For anyone who might read this that doesn't know me personally, I am a bit of a pop-culture, um, follower. Maybe that's not the right word. I'm not ashamed to read Entertainment Weekly. Maybe I should be, but I'm not. I do quite well shouting answers along to VH1's "World Series of Pop Culture." What I mean is, even though I don't have the time (and really, thank God I don't) to see every movie that comes out or listen to every Grammy-nominated album (or even watch the Grammys), I tend to have a rough idea of what's going on in America's great cultural offal. As such, I have a passing interest in some of the bigger movies of the summer. For example, I'll want to see Spiderman 3. I probably won't see it, but I'd like to.
Which brings us to Transformers. I don't want to see it. Not even 10 minutes of it. Not for the effects, not for anything. I'm completely numb to the trailers. I've read a few reviews and some articles (like the one in EW, and the one in Wired), but not because I'm excited to see the movie, more because I'm curious why it's such an event. If I were smarter, I could claim that it's anthropological curiosity.
I was 10 or 11 when the toys came out. Fifth or sixth grade. Which means that I'd given up action figures more or less by then. I boxed up my GI Joes and so on in 5th grade (I remember this really clearly) and gave them to the son of a lady my mom worked with. So, when the toys came out I didn't play with them. I think it was probably 6th grade when they started to get more popular and then maybe that same year when the TV show came out, but I just never got into it.
Bear in mind, I still watched cartoons. "Thundercats" and "Dungeons and Dragons" and so forth. The idea of robots turning into cars always struck me as lame. Well, really, it's because the robo-cars are from another planet really that's lame. To me, if the robots were just manufactured on Earth and piloted like military craft, it wouldn't have been so lame. But sentient robots from another planet who turn into Earth cars, many of which are American makes? Weak.
I didn't get it then why this weak-ass premise would be so popular. I don't get it now, either. It pushes my suspension of disbelief to its limit.
Like, okay, you've got these alien robots. This alone is okay.
Alien robots that are sentient. Again, I'll follow you there. I've read a decent amount of Sci-Fi (more Sci-Fantasy, than hard Sci-Fi), so I'm good so far.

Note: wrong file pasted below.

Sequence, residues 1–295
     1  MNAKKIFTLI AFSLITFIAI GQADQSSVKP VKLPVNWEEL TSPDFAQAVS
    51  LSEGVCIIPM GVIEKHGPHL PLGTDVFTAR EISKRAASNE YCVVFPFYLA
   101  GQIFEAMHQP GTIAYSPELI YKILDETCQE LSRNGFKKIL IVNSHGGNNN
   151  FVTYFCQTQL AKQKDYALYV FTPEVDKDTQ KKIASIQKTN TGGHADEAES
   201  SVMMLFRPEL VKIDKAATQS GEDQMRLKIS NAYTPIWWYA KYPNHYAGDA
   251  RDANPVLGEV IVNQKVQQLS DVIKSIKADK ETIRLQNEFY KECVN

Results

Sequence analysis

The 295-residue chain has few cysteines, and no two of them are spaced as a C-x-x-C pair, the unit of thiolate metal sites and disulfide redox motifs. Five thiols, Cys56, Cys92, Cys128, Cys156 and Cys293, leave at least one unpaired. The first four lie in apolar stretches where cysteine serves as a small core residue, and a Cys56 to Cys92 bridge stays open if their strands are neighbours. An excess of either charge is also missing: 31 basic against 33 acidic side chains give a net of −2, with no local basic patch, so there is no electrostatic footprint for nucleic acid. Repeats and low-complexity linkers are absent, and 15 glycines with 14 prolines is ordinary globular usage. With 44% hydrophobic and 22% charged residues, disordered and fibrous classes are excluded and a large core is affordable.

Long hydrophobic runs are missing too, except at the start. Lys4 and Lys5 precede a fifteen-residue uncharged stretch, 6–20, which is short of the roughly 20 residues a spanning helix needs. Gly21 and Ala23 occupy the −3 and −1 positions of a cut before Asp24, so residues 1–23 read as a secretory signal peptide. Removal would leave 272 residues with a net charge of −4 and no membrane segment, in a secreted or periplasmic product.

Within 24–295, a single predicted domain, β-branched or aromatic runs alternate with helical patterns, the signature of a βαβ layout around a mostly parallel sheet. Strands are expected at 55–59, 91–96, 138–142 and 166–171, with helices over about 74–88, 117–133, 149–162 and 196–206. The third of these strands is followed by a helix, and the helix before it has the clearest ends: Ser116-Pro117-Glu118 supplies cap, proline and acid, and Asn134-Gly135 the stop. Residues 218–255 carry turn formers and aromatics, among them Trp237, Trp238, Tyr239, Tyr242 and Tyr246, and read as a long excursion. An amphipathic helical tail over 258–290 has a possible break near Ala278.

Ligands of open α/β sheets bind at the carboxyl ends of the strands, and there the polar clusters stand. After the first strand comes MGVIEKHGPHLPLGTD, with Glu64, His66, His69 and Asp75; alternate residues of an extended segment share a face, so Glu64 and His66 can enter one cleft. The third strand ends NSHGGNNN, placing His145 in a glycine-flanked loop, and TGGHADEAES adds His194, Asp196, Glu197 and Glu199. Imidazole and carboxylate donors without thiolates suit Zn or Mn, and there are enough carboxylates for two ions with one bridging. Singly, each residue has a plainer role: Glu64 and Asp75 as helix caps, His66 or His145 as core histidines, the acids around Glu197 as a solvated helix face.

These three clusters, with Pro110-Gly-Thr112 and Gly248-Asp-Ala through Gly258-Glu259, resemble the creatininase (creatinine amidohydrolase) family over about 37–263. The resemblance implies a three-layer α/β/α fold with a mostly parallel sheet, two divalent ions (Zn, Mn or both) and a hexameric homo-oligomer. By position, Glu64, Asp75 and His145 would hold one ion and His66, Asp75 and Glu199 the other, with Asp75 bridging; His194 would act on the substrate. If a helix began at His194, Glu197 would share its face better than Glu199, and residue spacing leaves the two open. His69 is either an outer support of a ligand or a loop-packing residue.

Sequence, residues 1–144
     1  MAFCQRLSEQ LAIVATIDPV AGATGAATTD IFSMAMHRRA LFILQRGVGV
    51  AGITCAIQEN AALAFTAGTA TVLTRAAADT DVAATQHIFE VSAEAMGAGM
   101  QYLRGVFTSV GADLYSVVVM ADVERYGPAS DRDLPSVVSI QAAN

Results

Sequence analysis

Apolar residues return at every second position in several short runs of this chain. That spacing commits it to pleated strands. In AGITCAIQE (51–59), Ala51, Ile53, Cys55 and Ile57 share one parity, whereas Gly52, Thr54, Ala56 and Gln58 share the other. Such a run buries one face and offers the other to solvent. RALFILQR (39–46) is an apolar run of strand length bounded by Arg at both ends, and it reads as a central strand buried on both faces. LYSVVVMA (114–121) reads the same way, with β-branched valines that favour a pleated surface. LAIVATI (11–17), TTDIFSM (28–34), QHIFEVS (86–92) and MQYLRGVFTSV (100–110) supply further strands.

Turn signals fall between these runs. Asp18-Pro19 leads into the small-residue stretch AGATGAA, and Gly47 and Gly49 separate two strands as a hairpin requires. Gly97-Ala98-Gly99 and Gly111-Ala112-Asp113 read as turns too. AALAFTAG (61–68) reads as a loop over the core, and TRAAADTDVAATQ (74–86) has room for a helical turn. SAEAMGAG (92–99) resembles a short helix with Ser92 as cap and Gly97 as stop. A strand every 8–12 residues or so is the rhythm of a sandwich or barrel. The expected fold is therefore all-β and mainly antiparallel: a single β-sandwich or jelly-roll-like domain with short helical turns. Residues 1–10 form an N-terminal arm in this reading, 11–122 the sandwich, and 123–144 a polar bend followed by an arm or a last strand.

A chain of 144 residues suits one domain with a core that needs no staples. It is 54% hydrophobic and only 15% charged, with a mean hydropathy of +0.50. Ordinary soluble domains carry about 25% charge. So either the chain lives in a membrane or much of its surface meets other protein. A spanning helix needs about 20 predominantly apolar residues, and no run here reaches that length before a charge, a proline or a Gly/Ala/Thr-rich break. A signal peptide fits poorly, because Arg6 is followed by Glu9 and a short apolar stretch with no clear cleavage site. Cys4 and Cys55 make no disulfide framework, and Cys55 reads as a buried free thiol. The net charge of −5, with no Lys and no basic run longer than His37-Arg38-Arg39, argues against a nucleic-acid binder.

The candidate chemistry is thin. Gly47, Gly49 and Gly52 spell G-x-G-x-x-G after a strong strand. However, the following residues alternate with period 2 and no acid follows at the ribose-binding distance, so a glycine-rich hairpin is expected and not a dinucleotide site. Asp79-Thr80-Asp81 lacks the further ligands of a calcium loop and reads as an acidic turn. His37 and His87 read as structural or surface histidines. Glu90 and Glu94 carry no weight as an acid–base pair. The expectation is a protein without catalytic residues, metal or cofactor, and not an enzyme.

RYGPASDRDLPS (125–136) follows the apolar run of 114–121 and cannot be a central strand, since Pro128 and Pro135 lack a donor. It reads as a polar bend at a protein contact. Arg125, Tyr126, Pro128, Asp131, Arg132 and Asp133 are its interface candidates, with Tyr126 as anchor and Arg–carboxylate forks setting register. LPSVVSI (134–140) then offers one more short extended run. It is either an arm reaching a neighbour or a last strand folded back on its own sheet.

Sentient alien robots who can turn into vehicles. Still okay. Sounds like a nifty idea. Who built them? Why are they here? I'm willing to follow the story to find out.
Sentient alien robots who turn into the same vehicles we have on Earth.
Wait. Hold up, man.
Why do they turn into Earth cars? I don't get it. What purpose would this have served on their home world? Were they designed by aliens who want to infiltrate Earth and take it over? Kind of. Maybe. If that's the case, I can work with it. Earth under attack from alien forces is a classic sci-fi storyline. I'm with you.
But wait. There are two factions of robots. There are bad robots and good robots and they all turn into Earth cars. This is bullshit. I give up.
See, I'm pretty open minded. To blindly swallow American culture requires a paralyzed gag-reflex and a fairly open mind. I'm there, but this Transformers thing is too much.
Look at this thing:
Really, it's a pretty stupid looking robot and a pretty stupid looking truck. Fold in a backstory that has an 11 year old calling "Shenanigans" and the whole thing just blows.
So that's why I'm so mystified that this thing got greenlit and a gimongous budget and all the rest. Not only that, people are going nuts for it. I feel like such a foreigner when there's a big American cultural event in which I can't muster even a passing interest.
To relate this to something of a bit more substance, I'll just mention that it bothers me because it fails to follow a pretty basic rule of storytelling. Things can happen in stories that don't happen in real life. This is especially important in some of the genre fiction, such as horror, sci-fi, or fantasy. So while things can happen in a fictional world that might not happen in OUR world, these events or creatures or sentient robots have to at least make sense in THEIR world. When there's a disconnect, an event or a character that spills outside of logic in too many directions, the reader or the 11 year old kid or the 34 year old pop-culture "scholar" (HA!), gets jolted right out of the story. Tolkein took me to Middle Earth. If, though, Gandalf had rolled up to Bilbo's house in a tricked-out Mitsubishi Eclipse, I would have lost touch with Tolkein's world. And the more that happens between writer and reader, the harder it becomes for the reader to get back into the writer's world.
Thanks, you've been a great audience.